Daylight time: how to get back that precious lost hour of sleep

On March 12, the clocks will roll ahead one hour at 2 a.m. — and that means you're going to lose an hour of sleep. But here's how you can get it back.

These tricks will help you fall asleep faster and get your sleep back on track

Daylight time starts on March 12 at 2:00 a.m., meaning the clocks will roll ahead one hour. (CBC)

Get ready to roll your clock forward — and lose an hour of sleep.

Daylight time is upon us, once again. On Sunday, March 12, many Canadians will reluctantly push their clocks forward an hour.

The notion of moving the clock ahead an hour only to move it back seven months later has long frustrated many Canadians. But there is an added bonus — more sunlight.

Unfortunately, for many people, making the switch isn't easy, and a groggy Monday morning looms large in their future. Fortunately, there are ways to make the adjustment swiftly — and it all starts with tightening up your sleep habits, according to insomnia expert Patrick Myers.

1. Optimize sleep hygiene

Myers says one of the keys to getting a more swift and comfortable sleep relies on cultivating optimal sleep hygiene.

This includes ensuring that the room is dark and steering clear of certain foods and drinks before bed, including items that can spur indigestion.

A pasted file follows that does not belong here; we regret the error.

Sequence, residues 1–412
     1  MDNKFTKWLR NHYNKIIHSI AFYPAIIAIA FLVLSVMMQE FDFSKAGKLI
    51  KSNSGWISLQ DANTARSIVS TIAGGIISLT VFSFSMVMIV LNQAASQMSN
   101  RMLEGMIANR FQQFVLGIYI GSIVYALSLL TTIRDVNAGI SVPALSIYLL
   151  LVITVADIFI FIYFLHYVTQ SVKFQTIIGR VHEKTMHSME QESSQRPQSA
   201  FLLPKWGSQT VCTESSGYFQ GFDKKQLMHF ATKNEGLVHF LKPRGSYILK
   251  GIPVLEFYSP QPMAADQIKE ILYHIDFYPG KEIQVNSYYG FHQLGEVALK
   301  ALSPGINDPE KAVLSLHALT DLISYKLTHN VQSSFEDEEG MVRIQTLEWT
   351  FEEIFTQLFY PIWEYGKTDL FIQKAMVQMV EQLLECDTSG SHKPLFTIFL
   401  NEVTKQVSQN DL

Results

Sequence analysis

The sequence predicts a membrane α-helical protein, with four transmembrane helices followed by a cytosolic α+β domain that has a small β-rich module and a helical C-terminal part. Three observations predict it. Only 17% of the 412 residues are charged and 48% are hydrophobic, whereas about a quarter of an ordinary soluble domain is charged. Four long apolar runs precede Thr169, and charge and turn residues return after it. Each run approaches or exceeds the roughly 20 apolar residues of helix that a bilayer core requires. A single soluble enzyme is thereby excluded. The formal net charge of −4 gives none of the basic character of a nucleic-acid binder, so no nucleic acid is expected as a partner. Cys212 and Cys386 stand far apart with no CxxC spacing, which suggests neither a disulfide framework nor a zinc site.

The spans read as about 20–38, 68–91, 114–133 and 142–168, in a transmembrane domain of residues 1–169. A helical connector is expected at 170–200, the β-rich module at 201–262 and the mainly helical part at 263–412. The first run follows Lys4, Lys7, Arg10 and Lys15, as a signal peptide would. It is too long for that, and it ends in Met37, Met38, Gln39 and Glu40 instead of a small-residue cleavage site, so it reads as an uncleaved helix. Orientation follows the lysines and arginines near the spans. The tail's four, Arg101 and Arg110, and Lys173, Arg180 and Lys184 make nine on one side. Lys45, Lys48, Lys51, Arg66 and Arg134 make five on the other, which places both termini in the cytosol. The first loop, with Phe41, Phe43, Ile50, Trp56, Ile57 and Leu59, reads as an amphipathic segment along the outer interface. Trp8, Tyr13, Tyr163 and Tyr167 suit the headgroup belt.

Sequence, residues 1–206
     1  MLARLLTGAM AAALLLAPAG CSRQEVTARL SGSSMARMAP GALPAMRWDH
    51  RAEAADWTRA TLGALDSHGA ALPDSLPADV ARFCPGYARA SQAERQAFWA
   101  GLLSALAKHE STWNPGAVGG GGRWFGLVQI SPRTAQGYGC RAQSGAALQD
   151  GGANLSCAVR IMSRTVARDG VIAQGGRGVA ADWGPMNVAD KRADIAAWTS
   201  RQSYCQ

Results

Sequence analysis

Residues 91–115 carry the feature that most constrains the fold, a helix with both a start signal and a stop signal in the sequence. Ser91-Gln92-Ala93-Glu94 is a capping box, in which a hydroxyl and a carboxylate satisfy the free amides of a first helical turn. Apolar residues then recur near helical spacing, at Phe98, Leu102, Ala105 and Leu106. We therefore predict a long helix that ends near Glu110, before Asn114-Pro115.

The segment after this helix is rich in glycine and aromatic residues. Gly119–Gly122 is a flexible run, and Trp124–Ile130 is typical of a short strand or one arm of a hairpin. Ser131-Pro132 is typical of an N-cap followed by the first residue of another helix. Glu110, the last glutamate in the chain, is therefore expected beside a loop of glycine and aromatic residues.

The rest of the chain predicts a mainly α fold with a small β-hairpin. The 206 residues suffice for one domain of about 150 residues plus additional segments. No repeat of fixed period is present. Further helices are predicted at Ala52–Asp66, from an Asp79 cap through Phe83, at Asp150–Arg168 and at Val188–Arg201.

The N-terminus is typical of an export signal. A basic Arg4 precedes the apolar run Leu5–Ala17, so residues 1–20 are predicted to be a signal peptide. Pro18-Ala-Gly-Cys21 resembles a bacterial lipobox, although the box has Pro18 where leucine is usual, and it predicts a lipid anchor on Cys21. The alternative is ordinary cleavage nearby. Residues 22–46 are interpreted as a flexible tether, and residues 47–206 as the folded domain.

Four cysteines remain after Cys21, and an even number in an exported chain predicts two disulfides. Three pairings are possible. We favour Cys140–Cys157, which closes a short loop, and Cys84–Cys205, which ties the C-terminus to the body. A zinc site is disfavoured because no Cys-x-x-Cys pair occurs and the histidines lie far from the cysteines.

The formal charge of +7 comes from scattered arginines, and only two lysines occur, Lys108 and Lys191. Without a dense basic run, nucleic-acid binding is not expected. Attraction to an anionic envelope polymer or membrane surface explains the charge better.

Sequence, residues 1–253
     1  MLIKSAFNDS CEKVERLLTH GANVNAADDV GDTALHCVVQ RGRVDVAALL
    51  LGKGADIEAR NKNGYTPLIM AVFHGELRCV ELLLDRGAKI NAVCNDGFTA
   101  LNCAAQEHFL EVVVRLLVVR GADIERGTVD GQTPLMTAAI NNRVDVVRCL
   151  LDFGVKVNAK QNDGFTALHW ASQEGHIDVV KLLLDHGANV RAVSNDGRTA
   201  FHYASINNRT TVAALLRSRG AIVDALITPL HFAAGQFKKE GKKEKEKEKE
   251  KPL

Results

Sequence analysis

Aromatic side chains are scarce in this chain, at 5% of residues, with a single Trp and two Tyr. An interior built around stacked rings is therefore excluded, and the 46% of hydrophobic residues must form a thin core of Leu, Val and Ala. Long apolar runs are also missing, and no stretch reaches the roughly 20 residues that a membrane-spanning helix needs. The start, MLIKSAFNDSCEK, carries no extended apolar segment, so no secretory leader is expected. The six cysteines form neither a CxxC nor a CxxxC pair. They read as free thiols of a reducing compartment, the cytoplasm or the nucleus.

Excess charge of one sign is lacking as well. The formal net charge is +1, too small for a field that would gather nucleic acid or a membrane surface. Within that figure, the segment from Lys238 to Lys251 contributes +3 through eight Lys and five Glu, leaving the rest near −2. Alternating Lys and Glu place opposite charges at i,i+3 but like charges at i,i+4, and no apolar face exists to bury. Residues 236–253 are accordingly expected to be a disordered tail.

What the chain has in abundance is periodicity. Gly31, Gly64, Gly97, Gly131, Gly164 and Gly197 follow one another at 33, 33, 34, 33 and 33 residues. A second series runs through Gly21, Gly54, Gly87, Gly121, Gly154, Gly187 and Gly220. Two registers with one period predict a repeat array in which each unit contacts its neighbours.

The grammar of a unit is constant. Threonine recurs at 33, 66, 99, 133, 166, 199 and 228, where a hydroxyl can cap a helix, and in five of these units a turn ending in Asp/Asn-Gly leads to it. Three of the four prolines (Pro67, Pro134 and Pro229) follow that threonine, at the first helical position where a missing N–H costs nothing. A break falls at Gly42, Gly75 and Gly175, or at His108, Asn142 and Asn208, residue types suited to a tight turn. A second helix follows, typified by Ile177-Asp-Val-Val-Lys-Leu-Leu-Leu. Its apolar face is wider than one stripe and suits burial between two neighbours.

Ensure that your sleeping quarters are comfortable, and if you happen to get up in the middle of the night to go to the washroom, try to avoid turning on bright lights. It helps to stay away from screens before bed.

"Turn your phone off at night." he said.

Myer says a better sleep means turning off your cell phone or tablet at night. (123rf)

2. Don't take long naps

If you're thinking about taking a long nap to make up for the lost hour, think again.

"It is preferred that [sleep] is continuous," said Myers.

While eight straight hours of sleep is is ideal, Myers says naps can be useful when feeling groggy — but limit them to 30 minutes

"[If it's] longer than a half hour, it starts interfering with your circadian rhythm," the body's sense of night and day which informs your sleeping pattern.

Having a nap can be an effective tool if you're groggy. Just don't make it longer than a half hour, says Myer. (Credit: iStock/Getty Images)

3. The 4-7-8 rule

Myers says one of the most common reasons that people lie awake at night is that they can't turn their minds off.

"Good sleepers, what do they think about [before bed]? Nothing," said Myers. Inversely, bad sleepers tend to think about 'everything.'

But there are ways to limit the amount of mental distractions that take place while you lie in bed. One of the most effective techniques is by focusing on your breathing.

The 4-7-8 rule is one of many breathing techniques. It requires breathing in for four seconds through the nose, holding the breath for seven seconds and exhaling for eight seconds through the mouth.

For some people, the trick can have them out cold after just a few cycles. Myers says its effectiveness rests in its ability to refocus your brain.

"If you can just focus on 4-7-8 and breathing, then you've got your mind focused on something very specific and very trivial, and ... we are breathing in a way that's going to bring relaxation to the body."

With files from CBC's BC Almanac

To listen to the full interview, click on the audio labelled: Phillip Myers shares tricks to help you fall asleep